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Nielsen: Gaming Near Top Of Americans' Online Priority List

While social network use is the most significant occupier of Americans' online time, a study indicates games have climbed up to take the second place spot from email, which held the runner up position last year.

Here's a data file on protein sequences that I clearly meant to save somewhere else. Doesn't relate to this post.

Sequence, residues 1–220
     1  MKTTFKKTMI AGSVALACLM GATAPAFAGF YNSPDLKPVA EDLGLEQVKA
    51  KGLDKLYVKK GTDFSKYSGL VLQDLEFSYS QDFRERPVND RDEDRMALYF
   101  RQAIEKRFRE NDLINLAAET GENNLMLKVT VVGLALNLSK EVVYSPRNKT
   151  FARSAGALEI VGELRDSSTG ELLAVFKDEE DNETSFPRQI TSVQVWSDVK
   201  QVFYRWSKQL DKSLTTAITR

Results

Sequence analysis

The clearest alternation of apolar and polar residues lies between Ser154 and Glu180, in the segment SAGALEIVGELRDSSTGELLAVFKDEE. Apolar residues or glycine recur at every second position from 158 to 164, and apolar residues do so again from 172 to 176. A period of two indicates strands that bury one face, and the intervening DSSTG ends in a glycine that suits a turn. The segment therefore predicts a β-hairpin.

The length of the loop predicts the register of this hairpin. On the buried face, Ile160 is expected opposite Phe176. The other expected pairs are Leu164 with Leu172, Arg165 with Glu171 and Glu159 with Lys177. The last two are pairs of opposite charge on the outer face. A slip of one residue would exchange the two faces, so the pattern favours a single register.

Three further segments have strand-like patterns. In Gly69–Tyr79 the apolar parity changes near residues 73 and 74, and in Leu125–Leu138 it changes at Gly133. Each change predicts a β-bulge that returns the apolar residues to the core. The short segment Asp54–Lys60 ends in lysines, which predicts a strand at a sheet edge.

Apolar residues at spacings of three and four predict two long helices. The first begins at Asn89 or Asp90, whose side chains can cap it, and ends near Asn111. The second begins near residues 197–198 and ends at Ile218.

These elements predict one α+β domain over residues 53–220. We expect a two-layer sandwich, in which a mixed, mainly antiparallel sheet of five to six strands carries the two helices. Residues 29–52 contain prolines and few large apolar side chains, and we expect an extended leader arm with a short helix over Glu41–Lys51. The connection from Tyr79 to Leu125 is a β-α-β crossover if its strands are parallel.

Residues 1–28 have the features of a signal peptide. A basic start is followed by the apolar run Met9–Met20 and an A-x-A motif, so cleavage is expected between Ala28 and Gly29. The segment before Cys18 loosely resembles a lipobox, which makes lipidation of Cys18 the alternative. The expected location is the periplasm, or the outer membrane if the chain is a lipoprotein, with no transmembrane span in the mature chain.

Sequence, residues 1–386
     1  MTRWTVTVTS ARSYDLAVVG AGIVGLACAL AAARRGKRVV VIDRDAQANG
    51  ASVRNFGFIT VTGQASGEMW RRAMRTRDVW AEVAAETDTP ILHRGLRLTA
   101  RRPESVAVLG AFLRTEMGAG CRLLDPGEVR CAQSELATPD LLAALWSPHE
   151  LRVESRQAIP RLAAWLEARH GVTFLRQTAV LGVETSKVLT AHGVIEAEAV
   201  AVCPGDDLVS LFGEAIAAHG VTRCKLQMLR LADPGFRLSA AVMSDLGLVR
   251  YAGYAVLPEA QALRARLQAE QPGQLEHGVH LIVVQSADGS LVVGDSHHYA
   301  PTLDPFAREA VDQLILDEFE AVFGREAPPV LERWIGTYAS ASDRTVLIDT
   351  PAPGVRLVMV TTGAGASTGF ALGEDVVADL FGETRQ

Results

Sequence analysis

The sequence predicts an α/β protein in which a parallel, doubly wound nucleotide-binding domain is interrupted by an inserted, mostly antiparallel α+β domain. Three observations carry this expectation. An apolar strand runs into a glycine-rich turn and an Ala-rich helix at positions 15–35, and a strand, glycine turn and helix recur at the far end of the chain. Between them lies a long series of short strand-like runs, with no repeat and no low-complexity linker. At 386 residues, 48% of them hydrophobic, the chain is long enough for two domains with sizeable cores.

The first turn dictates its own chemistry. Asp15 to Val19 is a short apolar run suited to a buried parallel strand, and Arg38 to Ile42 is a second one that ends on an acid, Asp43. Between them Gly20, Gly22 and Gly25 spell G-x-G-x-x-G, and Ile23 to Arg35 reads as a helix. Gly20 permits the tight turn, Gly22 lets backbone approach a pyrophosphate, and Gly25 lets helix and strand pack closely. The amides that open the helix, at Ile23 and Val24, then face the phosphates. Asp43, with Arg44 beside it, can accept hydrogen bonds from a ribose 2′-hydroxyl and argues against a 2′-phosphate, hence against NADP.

While social network use is the single most significant occupier of Americans' online time, a June study indicates that playing games has climbed up to grab the second place spot away from email, which held the runner up position last year. Social networks alone comprised 22.7 percent of online time in June, up by nearly half from 15.8 percent during the same period last year. They, by far, are responsible for the biggest chunk of online time. That data comes from a new Nielsen Company report on internet habits. According to Nielsen, gaming was one of the only categories that was not eroded in social networking's wake. Online game time rose 10 percent year-over-year to make up 10.2 percent of Americans' internet use in June, up from 9.3 percent. That's in stark contrast to email, whose use fell 28 percent to 8.3 percent, and instant messaging, whose use fell 15 percent to 4.0 percent -- both likely at least partial casualties of social networking, which is becoming increasingly dominant as a communication tool. "Despite the almost unlimited nature of what you can do on the web, 40 percent of U.S. online time is spent on just three activities -- social networking, playing games, and emailing -- leaving a whole lot of other sectors fighting for a declining share of the online pie," said Nielsen analyst Dave Martin in an analysis on the tracking company's official blog. The situation looks quite different on mobile devices, however, which tend to feature less fully-fledged online experiences than desktop and laptop browsers. There, a massive 60 percent of online time is spent using email, followed by 11.7 percent on web portals and 10.5 percent on social networks. Nielsen doesn't list game activity on mobiles; the ambiguous "entertainment" comprises 3.3 percent of online time, and "other" takes up 7.8 percent. This is likely because many mobile games, particularly in the United States, are played offline.

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